This feature is of graphene is tied to another way in which the charge-carrying particles within it act more like photons than electrons, he added. 

Twentieth-century physicists learned that paradoxically, all particles can actually act like either of two seemingly contradictory things—particles or like waves—depending on the type of experiment one performs. But their wave nature becomes less noticeable the heavier they are, which is why the big objects we normally see don’t seem to act like waves. In graphene, the charge-carrying particles’ wave-like properties become prominent, as they are with photons, de Heer said. This produces apparently dramatically different effects.

“This is an entirely different way of looking at electronics,” he said. 

De Heer also noted that graphene is related to another exotic material that has stirred excitement among physicists in recent years, “carbon nanotubes,” sub-microscopic tubes of carbon atoms linked together like rolled-up chicken wire.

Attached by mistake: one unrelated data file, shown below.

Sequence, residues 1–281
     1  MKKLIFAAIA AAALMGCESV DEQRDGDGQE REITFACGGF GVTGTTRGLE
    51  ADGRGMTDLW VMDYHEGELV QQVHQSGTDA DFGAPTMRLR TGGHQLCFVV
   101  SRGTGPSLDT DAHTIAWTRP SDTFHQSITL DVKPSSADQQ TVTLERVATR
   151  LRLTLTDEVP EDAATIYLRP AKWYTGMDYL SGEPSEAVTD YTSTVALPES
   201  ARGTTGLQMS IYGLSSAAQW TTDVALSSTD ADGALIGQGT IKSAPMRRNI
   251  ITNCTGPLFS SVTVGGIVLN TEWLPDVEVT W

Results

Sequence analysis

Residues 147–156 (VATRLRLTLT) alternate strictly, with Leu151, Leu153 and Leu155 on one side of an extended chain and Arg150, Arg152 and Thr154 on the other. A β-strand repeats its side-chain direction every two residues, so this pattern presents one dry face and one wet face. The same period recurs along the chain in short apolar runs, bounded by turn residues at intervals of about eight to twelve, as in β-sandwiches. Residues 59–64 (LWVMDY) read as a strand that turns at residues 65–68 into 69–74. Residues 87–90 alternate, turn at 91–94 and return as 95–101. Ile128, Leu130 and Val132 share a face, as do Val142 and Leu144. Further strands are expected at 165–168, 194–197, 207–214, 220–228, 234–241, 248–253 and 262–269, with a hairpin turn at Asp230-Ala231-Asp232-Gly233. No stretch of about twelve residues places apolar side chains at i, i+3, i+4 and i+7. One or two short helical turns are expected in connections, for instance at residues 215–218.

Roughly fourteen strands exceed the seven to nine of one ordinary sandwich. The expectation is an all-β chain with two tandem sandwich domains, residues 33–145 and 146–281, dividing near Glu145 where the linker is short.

Part of the interest in nanotubes stems from their ability to conduct electricity virtually without resistance, de Heer said. But this advantage is hard to exploit because resistance can appear in features of an electrical circuit, such as at the junctions between different nanotubes.

Graphene may rescue this situation, de Heer claims. 

“Nanotubes are simply graphene that has been rolled into a cylindrical shape,” he said. “Using narrow ribbons of graphene, we can get all the properties of nanotubes because those properties are due to the graphene and the confinement of the electrons, not the nanotube structures.”